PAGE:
Ho described how cities have been coping with the current pandemic, noting that the WHO has developed interim guidance for local authorities to improve preparedness, readiness and response. Many cities remain at risk of high infection rates and mortality because their settings facilitate rapid disease spread, including multiple points of entry (land, sea and air); large numbers of people traveling to cities for tertiary care; high population density; public transport that enables intra-city travel; infrastructure where people congregate, such as sports stadiums and museums; overcrowded living conditions; and substandard housing. Further, certain urban populations are more vulnerable to COVID-19, especially those living in informal settlements where clean water and good sanitation may not be readily available.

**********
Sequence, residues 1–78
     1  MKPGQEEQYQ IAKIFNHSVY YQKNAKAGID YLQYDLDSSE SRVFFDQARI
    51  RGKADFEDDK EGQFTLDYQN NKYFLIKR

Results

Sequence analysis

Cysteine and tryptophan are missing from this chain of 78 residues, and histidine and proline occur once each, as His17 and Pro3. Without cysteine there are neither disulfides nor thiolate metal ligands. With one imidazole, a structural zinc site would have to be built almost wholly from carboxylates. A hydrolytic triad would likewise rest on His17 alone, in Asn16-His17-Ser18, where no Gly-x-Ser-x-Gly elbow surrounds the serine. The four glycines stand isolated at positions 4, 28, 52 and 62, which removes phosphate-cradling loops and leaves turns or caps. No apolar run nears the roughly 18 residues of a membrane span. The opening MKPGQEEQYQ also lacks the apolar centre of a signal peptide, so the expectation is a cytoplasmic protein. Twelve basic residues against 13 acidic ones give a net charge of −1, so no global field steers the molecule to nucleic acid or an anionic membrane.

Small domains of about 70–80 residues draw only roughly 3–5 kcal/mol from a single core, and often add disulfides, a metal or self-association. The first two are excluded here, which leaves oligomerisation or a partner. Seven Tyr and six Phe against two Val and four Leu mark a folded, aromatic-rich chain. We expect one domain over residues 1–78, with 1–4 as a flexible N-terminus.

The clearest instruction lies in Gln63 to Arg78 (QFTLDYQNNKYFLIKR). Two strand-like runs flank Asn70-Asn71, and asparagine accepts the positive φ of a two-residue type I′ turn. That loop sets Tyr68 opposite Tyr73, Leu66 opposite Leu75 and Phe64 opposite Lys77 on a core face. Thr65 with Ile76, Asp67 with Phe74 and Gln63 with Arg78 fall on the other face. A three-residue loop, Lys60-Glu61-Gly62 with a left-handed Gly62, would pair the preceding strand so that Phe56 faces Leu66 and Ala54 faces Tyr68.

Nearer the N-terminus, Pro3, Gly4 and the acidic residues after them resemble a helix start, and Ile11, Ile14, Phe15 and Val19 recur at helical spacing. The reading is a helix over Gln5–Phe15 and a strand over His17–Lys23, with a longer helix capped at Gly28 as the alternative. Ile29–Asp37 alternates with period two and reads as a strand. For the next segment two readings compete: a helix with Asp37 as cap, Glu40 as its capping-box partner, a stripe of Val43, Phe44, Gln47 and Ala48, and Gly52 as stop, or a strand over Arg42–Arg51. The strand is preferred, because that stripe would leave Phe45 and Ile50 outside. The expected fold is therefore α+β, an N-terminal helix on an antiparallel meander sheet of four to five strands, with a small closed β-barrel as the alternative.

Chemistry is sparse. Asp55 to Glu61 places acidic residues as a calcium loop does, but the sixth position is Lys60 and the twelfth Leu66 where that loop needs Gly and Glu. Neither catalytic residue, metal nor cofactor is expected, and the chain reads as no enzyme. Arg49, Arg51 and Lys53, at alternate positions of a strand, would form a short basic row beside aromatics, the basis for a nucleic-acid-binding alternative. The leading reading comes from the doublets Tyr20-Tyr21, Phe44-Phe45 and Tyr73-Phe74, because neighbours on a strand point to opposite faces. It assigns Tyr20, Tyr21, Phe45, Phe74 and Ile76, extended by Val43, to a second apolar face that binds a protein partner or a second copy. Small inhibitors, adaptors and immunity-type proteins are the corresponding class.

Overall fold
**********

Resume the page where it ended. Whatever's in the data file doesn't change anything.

He provided examples of how cities and countries are experiencing COVID-19 differently, noting that in the U.S., nursing homes have been hot spots, but in Singapore, the country is finding outbreaks in worker dormitories, and in other regions there have been challenges in slum settings where hand washing is not the norm. In spite of these differences, he explained that, for the most part, cities across the world are facing similar problems and that WHO is seeking to share these experiences to provide learnings, especially in how to address the needs of vulnerable subpopulations.
While he commented that the WHO is not trying to be prescriptive, he said that they are providing guidance to cities on developing a strong approach to respond to health emergencies, including what to look out for – such as migration and mobility, mental health issues and impact on livelihoods.